Product and Visual Design
I was assigned to this project as the sole product designer in the summer of 2018 at wikiHow. The project focused on designing an entirely new suite of pages (responsive web) to house credentials for our 500+ expert verifiers.
The team for this project was comprised wikiHow's CEO acting as the primary product manager, the in house Experts Team, an engineer, and myself in the role of Product Designer.
I was responsible for design ideation, iteration, prototyping, and high fidelity mockups throughout all stages of the project.
Through community feedback, the wikiHow team learned that the expert verified badges on our articles were not cutting it in terms of providing assurance that the user could place faith in the badge and trust the verified content.
The badge only linked the user to an index of experts, with no wikiHow page showcasing their credentials.
The goal of this project was to increase the authority and trustworthiness of the "expert verified" seal of approval on our verified articles.
There were many stakeholder constraints in this project that came together to shape many of the final design decisions. Primarily, my designs had to account for an engineering team with low bandwidth. To ease use of engineering resources, I had to repurpose many components from across wikiHow and stick to pre built wikiHow technologies to build this new custom page.
In addition to engineering constraints, I also had to account for the Experts team, and design a system that would accommodate them having to manually fill all data.
My final designs focus on authority by providing details about the expert in a resume style format.
At the top, I created a header with the experts name, photo, and job title to create visual consistency with the verification badge.
Below this there are three specifically editable sections (“wikiText areas”) designed to ease engineering resources. These sections were made editable by using the same backend editing that the rest of our site uses.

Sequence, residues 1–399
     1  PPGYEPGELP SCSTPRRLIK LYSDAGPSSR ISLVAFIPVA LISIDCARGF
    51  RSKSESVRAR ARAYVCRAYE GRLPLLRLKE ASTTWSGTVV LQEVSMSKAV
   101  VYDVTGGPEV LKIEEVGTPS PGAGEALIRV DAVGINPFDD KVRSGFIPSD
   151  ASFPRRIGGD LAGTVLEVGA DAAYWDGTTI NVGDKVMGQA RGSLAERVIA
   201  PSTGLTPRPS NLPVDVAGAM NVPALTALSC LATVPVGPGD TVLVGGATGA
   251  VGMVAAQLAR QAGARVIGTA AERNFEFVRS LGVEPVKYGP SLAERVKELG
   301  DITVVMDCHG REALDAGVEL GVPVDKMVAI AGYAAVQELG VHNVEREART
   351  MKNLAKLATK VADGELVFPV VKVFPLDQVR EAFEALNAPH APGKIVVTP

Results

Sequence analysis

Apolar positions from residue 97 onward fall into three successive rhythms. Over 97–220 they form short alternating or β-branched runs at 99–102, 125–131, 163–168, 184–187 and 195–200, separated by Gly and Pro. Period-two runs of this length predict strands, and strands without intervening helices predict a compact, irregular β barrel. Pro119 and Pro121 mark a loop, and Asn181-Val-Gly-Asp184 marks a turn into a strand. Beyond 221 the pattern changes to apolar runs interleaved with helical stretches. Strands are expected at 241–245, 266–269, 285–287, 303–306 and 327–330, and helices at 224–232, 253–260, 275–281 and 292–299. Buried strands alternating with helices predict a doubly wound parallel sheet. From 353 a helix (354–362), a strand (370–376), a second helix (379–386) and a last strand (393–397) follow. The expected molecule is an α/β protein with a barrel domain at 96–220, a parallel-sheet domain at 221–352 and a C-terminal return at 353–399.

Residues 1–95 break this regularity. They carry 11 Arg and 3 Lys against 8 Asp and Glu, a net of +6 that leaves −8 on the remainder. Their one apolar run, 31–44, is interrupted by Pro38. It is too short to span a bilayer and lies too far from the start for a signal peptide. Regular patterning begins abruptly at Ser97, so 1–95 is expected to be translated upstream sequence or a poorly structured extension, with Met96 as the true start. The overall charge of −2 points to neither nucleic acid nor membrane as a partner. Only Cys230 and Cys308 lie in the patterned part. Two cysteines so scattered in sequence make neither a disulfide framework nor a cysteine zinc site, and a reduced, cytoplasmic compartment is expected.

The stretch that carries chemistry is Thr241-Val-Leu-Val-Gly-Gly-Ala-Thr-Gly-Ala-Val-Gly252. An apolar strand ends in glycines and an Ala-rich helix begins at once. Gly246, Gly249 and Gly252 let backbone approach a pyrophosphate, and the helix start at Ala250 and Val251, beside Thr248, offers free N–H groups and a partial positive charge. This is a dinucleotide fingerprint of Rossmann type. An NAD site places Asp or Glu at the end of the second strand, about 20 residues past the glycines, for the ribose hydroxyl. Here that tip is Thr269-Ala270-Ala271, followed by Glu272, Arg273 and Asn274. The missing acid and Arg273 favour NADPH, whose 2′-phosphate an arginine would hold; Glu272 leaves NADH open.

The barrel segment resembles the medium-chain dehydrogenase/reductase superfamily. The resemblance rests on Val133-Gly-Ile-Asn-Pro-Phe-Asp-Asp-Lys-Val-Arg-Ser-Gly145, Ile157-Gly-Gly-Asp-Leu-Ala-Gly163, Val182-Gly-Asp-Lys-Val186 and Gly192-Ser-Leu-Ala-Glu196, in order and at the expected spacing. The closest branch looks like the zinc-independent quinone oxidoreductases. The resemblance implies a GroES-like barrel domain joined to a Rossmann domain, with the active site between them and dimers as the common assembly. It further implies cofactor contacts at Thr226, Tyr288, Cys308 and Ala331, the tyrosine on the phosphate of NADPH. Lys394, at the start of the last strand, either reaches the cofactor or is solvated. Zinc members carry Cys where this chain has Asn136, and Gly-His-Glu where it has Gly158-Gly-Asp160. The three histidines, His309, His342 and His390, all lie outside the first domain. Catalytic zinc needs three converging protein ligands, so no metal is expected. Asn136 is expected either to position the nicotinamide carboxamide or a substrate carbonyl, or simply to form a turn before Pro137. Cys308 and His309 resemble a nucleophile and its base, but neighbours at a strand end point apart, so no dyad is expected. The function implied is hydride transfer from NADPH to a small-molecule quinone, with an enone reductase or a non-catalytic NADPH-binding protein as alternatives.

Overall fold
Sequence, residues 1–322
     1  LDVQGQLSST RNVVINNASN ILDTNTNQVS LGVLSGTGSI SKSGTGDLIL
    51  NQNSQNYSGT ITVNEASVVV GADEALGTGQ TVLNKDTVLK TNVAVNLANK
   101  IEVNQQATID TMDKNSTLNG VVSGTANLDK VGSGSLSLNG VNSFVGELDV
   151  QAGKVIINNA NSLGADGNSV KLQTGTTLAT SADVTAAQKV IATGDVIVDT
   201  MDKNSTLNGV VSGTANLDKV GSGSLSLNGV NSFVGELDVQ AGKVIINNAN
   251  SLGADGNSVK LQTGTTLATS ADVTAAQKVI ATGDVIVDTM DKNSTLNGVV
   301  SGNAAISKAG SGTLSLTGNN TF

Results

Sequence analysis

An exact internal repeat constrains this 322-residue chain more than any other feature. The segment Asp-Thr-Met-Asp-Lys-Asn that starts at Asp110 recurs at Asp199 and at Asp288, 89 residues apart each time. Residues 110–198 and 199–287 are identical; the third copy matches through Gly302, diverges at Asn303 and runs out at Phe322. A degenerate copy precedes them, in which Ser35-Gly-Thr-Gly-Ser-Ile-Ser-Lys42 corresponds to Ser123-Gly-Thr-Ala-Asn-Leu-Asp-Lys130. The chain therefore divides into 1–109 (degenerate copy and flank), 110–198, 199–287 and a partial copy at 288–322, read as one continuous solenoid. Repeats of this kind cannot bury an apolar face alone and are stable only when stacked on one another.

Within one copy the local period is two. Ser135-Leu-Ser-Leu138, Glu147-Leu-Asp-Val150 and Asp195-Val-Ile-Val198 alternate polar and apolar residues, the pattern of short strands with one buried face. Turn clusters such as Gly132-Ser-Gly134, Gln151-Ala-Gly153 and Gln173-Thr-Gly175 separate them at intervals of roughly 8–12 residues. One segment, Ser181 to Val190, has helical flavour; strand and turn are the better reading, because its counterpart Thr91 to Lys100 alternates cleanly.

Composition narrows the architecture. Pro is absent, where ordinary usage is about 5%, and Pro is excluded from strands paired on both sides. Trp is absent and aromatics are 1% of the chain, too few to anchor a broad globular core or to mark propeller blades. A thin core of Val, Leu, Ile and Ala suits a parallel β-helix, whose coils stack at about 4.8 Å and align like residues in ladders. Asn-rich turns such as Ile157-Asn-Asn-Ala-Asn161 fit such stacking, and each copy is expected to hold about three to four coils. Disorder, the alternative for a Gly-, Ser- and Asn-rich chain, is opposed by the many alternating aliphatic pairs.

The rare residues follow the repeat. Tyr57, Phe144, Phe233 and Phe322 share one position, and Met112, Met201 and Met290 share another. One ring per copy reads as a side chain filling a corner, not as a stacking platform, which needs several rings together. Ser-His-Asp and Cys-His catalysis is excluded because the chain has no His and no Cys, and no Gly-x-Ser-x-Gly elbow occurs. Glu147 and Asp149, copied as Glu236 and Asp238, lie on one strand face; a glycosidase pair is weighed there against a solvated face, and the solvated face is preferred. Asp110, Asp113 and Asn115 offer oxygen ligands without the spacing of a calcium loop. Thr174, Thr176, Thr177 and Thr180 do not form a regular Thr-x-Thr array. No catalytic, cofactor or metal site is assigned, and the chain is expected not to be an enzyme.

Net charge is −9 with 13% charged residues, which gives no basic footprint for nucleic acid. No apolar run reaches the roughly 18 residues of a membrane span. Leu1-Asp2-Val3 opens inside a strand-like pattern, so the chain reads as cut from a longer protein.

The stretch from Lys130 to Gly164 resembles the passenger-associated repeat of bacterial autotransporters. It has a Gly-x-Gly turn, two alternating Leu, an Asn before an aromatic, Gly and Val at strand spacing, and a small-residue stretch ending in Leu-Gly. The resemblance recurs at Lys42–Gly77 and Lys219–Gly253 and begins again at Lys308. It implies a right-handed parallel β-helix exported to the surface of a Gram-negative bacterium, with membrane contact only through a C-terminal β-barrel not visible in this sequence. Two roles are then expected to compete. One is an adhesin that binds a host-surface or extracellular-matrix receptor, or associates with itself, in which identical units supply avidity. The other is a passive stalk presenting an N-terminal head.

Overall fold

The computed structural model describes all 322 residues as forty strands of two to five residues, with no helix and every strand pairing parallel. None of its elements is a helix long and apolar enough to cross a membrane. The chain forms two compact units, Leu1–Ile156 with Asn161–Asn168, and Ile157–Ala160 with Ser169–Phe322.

This allowed more flexibility in editing for the Experts team and less custom engineering from the developers. A tradeoff of using these sections however was the limited text formatting that came with it.
To help ease the load the Experts team who would be responsible for compiling the information of 500+ experts, the bio section was placed at the top of the page, and a toggle was added to show or hide the two sections below.
The bio section was the only consistent piece of information that the Experts team had. Displaying this section first and letting the team to toggle the Experiences and Education section allowed us to launch the pages without large gaps of missing information as this would largely defeat our goal. As the experts team acquired experience and education details, this information could be seamlessly added to the pages.
Below the bio section lives the Experience and Education/Achievements sections mentioned above. My final solution included a toggle so that the experts team could switch this right hand column between Education and Achievements, depending upon the expert.
Splitting the right hand section into either education or achievements was a data driven design decision - users reported that the sections that made the page most trustworthy to them depended upon the category of the expert. For example, when reading about a Legal Expert, users reported being interested in seeing where the expert went to law school, while when reading about a Guitar Expert, their achievements were reported to be more applicable.
To provide some context for the design process on this project - stakeholders at wikiHow generally like to see high fidelity iterations. Given wikiHow's design language and system, I will often jump quickly to a high fidelity stage and test and iterate from there.
In addition to plenty of stakeholder constraints mentioned above, wikiHow generally likes to move very quickly and often doesn't have much time for user research.
Regardless, I did a small bit of user outreach to gather some outside opinions on authority, trustworthiness, and verification and from there got started high fidelity iteration and prototyping.
A stage of my iteration process that I greatly value and find vital in stakeholder communications is the prototyping stage. I made a few prototypes of things like a drop down expansion for the experts information and toggling sections on and off for design critiques to be able to illustrate more fleshed out ideas.
At the end of this iteration - critique - iteration process, I had a quick moment to validate design decisions with various company members uninvolved in the project, and from there I began collaborating with the engineering team to have the pages built.
Unfortunately I was unable to gather quantitative data on the pages success before they had to be temporarily removed due to a backend software update. Overall, this project was a great exercise in working within stakeholder constraints and being flexible.